The American Healthcare Act of 2017 contains nothing to reward doctors for making people healthy and little to reward people for making positive lifestyle choices. The only reward is for providing treatments, and the sicker the nation gets, the more treatment will be required.

Worse than nothing, the current version of the bill amends the Patient Protection and Affordable Care Act (PPACA) to eliminate funding for the Prevention and Public Health Fund and increase funding for community health centers; in other words, less money for prevention and more money for treatment. However, this probably isn’t a great loss, given the fact that initiatives sponsored by the government and by conventional medicine, such as food pyramids and low-fat foods, have probably caused more illness than they’ve prevented.

For Much Less Money

The age-old wisdom of “an ounce of prevention is worth a pound of cure” remains unheeded by our government, especially under the current proposal to eliminate funding for the Prevention and Public Health Fund. Given the system’s unbreakable focus on eliminating illness instead of restoring health, it seems the government will continue to throw money in the wrong direction. The fact is that health is far cheaper than illness, and until we have legislation that promotes and funds the restoration and preservation of health, medical costs will continue to rise.

In addition, “for much less money” begs the question of “for whom?” For the poor? For the rich? For the government? For doctors? For insurance companies? For the insured or uninsured? To answer that question, you need to comb through the American Healthcare Act of 2017 for details or at least read a summary of the changes. You can find two summaries on Congress.gov — a summary reported to House without amendment and a (much shorter) summary introduced in the House.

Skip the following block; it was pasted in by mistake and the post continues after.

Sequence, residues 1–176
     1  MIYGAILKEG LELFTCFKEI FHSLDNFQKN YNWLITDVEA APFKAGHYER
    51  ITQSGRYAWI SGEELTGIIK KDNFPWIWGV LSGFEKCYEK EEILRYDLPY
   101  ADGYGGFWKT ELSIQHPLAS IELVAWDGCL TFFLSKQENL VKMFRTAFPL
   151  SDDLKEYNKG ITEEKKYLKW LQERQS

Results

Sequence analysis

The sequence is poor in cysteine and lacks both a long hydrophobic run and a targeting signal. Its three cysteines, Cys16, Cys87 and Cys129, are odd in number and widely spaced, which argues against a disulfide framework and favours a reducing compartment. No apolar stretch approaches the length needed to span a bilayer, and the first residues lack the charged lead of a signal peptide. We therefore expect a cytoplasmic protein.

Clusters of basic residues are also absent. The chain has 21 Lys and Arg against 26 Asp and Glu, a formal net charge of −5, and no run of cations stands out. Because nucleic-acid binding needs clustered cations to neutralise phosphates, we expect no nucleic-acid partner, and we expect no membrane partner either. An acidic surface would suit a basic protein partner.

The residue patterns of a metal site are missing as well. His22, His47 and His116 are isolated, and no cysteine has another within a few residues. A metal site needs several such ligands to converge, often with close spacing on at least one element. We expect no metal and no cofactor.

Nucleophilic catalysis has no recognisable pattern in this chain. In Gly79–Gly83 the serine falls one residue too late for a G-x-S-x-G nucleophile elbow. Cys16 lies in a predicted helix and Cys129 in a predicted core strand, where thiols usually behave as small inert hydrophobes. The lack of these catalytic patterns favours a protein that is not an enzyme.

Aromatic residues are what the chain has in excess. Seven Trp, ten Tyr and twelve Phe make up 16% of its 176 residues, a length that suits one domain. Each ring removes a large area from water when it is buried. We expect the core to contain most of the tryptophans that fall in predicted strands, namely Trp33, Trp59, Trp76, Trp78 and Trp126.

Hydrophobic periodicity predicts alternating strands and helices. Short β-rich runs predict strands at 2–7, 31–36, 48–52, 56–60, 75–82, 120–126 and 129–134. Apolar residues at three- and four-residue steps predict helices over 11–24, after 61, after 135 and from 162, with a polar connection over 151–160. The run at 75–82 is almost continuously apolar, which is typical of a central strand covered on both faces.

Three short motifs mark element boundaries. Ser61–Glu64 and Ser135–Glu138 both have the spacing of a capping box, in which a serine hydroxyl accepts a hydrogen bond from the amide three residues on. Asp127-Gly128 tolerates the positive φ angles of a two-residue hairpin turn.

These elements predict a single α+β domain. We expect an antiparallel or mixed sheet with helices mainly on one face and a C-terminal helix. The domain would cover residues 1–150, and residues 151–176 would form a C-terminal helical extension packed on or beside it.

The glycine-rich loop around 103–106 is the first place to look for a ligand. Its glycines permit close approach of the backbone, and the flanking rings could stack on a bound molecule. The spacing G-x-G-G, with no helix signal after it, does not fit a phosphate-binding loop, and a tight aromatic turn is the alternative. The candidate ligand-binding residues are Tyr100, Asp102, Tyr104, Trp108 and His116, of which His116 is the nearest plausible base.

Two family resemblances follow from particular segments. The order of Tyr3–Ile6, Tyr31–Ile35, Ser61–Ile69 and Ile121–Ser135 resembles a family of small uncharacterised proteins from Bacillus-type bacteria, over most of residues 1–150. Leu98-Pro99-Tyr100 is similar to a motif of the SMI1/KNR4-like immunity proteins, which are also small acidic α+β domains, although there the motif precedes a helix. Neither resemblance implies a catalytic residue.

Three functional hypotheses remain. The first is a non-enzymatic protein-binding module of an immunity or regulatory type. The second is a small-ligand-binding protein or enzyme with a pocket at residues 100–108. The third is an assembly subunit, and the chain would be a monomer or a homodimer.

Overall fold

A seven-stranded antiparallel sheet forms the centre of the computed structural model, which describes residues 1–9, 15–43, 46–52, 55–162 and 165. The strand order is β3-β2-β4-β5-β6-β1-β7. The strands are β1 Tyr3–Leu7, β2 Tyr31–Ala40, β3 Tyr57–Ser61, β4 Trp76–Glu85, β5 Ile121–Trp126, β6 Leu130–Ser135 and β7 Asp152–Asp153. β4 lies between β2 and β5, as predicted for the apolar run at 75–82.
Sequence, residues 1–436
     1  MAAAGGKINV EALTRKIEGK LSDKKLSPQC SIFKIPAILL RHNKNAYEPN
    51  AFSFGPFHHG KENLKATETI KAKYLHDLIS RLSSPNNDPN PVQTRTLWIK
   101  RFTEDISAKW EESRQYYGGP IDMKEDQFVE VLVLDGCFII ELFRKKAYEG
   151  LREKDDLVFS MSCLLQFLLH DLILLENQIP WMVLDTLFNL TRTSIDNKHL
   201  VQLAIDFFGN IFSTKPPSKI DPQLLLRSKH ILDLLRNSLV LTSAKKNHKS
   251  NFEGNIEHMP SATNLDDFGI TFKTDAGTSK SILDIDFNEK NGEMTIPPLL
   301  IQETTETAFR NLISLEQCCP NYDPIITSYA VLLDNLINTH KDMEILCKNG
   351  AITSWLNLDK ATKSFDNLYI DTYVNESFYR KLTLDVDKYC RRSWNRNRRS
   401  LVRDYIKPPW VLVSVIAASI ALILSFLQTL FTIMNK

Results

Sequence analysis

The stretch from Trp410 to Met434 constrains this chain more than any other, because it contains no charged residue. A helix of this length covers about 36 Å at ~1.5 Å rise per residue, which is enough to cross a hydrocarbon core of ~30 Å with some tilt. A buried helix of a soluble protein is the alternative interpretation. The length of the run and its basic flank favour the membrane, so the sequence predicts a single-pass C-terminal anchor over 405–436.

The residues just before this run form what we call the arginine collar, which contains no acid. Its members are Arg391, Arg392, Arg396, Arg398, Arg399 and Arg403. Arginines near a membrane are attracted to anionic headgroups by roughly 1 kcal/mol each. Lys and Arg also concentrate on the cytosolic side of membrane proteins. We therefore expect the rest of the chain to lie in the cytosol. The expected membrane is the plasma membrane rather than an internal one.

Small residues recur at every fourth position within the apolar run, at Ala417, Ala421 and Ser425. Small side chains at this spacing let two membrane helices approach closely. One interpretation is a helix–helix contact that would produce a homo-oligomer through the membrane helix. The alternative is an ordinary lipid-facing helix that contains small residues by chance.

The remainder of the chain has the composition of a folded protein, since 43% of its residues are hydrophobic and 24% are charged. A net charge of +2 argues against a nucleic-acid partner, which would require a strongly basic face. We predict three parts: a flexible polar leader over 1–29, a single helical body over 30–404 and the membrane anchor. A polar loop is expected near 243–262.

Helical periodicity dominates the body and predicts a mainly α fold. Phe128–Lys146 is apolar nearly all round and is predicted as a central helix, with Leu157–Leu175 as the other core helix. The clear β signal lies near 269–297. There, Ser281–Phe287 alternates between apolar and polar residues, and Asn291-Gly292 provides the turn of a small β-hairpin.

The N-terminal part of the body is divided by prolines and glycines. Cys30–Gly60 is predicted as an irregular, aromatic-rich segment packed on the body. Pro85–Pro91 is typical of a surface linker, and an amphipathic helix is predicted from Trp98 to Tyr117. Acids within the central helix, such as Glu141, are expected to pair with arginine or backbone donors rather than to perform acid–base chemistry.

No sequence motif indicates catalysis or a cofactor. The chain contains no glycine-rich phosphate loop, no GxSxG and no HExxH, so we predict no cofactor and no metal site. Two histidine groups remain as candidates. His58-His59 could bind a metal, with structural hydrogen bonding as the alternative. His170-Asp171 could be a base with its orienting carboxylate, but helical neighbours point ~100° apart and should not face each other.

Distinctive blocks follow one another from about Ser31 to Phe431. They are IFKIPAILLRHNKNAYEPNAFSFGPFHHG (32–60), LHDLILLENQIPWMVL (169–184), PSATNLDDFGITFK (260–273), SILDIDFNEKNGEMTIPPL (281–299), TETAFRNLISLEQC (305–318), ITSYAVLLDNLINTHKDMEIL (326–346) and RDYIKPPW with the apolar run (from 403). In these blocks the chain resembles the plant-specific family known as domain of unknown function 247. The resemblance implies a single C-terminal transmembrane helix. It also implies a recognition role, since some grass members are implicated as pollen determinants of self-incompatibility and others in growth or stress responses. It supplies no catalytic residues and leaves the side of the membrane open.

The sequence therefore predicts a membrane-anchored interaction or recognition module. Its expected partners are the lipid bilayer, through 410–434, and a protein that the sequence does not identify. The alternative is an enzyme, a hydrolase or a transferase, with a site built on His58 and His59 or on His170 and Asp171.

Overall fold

Here are a few key changes proposed in the House bill that are likely to impact healthcare costs for various stakeholders:

  • Allow states to waive rules for minimum benefits coverage and rules that prohibit insurance companies from charging higher premiums to people with pre-existing conditions. Any state that waives the rules will receive some federal funding to set up a program for high-risk individuals.
  • Eliminate funding for the Prevention and Public Health Fund, which provides for investment in prevention and public health programs to improve health and restrain the rate of growth in health care costs.
  • Amend the Medicare Access and CHIP Reauthorization Act of 2015 to increase funding for community health centers.
  • Cut federal funding to states for certain family planning providers, including Planned Parenthood, for one year.
  • Enable insurance companies to lower the cost of premiums for young customers and raise them for older customers.
  • Eliminate the 0.9 percent increase in Medicare payroll tax and the 3.8 percent tax on investment income for individuals earning more than $200,000 and couples earning more than $250,000.
  • Increase the amount individuals with high-deductible plans are allowed to contribute to their health savings accounts (HSAs).